Simulation of the hotspot perturbed shock layer on compression cone under the effect of a freestream hotspot
 Analysis and investigation on the receptivity and instability growth of hotspot perturbed boundary layer based on the simulation results
 Comparison of numerical results with those obtained by Professor Schneider’s group in the Purdue Mach6 quiet tunnel
Mean Flow for Compression Cone Cases
Freestream Flow Conditions
 M = 6.0
 T = 52.8 K
 P = 610.8 Pa
 Twall = 300 K
 Re_u = 1.026e7 1/m


Geometrical parameters
 R_flared = 3.0 m
 cone halfangle = 2.0 deg
 cone length = 0.45 m
 grid resolution = 3720 x 240
 R=0.001 m


Numerical Study of Hypersonic Boundary Layer Instability Affected by 2D Surface Roughness
Objectives
 Our goal is to utilize numerical simulation to study the role of roughness on the stability of a hypersonic boundary layer, mainly focus on roughness effect on transition
 In the current project, we consider 2D roughness on a hypersonic flat plate at Mach 5.92
 The roughness is modeled as a hump and is treated by a high order cut cell method
 Pure mode S (slow acoustic wave), mode F (fast acoustic wave) perturbation at 100KHz, and wall normal velocity pulse which has a frequency range 1MHz are imposed into the mean flow separately
 The evolution of disturbance on the wall due to different roughness height and locations are studied using FFT


Discrete roughness element 
Four separate computational cases with one roughness element 
FFT results for 100 khz slow acoustic disturbance (Mode S) with different roughness heights


Roughness located upstream of synchronization point 
Roughness located downstream of synchronization point 
 Upstream of synchronization point, roughness amplifies disturbance
 The overall amplification of disturbance depends roughness height
 However, when roughness is placed downstream of synchronization
point, it damps disturbance with strength related to roughness height
Freestream waves receptivity to nonlinear breakdown over Mach 5.5 circular cone
Objectives
 develop a direct numerical simulation code to simulate hypersonic boundary layer flow from laminar to nonlinear breakdown in transition over blunt circular cone
 build a linear receptivity database for different types of freestream waves with a selected frequency specturm
 construct the inflow condition for subsequent nonlinear region using receptivity database and conduct the breakdown simulation
Linear receptivity simulations were conducted to obtain freestream waves database. The database were used as entrance conditions for subsequent nonlinear breakdown simulations.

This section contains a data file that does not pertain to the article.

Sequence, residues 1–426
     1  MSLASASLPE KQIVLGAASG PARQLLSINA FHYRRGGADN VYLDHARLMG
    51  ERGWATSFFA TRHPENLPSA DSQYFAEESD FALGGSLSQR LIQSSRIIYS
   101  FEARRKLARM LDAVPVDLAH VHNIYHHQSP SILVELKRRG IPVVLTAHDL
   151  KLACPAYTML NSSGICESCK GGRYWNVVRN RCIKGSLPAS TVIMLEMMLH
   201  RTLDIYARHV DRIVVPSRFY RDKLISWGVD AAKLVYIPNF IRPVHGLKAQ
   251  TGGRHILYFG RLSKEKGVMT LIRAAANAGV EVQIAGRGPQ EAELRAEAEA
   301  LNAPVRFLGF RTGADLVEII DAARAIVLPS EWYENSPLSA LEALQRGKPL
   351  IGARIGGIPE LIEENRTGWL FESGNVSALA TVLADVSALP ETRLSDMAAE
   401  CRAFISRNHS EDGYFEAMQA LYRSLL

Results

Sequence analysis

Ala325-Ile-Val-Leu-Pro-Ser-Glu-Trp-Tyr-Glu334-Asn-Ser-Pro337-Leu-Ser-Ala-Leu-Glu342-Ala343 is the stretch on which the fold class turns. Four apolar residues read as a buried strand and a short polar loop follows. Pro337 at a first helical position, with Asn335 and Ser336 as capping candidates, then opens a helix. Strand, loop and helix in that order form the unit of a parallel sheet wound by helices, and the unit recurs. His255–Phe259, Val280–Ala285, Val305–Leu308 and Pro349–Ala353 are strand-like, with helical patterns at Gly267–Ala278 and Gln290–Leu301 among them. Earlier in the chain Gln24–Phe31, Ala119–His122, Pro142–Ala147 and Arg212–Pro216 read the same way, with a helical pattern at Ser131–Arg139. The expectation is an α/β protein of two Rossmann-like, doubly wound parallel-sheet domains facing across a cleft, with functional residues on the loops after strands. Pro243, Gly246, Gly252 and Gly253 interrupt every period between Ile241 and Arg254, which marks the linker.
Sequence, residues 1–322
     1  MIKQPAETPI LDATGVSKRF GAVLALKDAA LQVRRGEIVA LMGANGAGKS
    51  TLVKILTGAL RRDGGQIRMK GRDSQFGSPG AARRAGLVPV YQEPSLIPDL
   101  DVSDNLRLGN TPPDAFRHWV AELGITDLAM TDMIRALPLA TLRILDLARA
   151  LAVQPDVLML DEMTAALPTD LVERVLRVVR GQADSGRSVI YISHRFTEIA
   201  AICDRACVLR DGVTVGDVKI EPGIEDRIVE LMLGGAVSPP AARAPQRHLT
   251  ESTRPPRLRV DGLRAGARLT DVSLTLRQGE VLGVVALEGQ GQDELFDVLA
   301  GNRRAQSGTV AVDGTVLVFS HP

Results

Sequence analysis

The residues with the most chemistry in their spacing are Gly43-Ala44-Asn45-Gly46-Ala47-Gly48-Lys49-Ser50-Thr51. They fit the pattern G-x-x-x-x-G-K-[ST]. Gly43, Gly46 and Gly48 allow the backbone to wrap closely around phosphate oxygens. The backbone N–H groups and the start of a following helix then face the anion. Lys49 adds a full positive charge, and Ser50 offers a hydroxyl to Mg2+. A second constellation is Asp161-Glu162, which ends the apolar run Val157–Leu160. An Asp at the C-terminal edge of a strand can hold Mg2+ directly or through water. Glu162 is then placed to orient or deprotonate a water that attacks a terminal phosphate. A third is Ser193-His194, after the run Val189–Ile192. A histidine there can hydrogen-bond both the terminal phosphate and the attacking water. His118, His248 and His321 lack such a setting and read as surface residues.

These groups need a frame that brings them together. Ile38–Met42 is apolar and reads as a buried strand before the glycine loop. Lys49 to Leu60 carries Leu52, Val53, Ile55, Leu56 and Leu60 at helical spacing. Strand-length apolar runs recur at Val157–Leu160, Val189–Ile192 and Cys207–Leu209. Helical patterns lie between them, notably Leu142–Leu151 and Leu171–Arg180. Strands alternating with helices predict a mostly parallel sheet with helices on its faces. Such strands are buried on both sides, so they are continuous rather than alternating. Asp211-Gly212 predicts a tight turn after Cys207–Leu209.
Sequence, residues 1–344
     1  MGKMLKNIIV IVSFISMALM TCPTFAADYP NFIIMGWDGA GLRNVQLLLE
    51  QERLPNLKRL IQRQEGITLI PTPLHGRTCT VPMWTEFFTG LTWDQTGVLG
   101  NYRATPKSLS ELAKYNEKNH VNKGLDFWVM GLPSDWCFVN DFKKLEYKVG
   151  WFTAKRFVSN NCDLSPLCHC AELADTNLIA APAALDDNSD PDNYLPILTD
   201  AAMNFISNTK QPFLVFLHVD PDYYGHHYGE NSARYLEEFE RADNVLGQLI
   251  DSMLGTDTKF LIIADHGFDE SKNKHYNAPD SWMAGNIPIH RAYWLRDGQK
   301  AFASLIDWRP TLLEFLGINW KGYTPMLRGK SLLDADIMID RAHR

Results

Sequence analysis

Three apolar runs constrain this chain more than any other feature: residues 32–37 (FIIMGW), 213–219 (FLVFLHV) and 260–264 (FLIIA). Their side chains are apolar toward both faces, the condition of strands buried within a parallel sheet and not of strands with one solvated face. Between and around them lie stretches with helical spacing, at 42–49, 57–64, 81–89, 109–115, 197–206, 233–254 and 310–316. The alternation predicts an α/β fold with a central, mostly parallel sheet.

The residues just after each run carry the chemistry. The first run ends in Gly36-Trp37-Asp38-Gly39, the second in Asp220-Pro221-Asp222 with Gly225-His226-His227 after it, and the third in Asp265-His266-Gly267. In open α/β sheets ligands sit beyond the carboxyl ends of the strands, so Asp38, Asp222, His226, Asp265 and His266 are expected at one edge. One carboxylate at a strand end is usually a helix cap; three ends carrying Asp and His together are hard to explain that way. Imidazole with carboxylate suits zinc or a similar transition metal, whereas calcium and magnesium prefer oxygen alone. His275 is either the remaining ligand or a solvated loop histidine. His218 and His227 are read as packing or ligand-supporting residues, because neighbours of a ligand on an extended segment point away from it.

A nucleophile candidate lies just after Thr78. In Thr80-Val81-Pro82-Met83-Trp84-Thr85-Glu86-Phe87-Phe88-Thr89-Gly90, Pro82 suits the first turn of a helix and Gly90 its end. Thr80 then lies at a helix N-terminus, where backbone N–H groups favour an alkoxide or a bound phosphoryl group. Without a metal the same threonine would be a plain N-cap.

3D nonlinear breakdown simulation: pressure disturbances contour at wall surface
Numerical Study of WaveEnergy Extraction Device with Electroactive Polymer
Objectives
 Collaborate with the Soft Material Research Laboratory of Prof. Pei (UCLA) to develop technology using electroactive polymer to extract and convert wave energy to electricity
 Implement a finite volume method with freesurface tracking done by Volume of Fluid method to simulate the dynamic interaction between energycontaining incident wave and the energy extracting device
 In preliminary numerical study, the targeted strain of 20 to 30 percent was achieved, suggesting dielectric elastomer may be practical for largescale power generation
Change from high to low capacitance state raises the potential of the charge of the film
Schematic of numerical wave tank
Effects of Graphite Ablation Induced Outgassing on Hypersonic Boundary Layer Stability
Objectives
 Study effects of graphite ablation on the receptivity process and linear growth of Mack's first and second modes in a high speed boundary layer
 Surface chemistry model to approximate ablation includes oxidation, recombination of atomic oxygen and sublimation of C_3, C_2 and C
 Develop nonequilibrium LST code for ablation gas model and compare stability results to DNS
Direct Numerical Simulation Code Validation
11 species ablation code validation to Keenan's computations. Left: surface mass fractions. Right: surface mass flux.
Surface chemistry model comparison
Direct Numerical Simulation Results
Instantaneous snapshot of oxygen (O2) and translationrotation temperature perturbation with 550 khz freestream fast acoustic forcing waves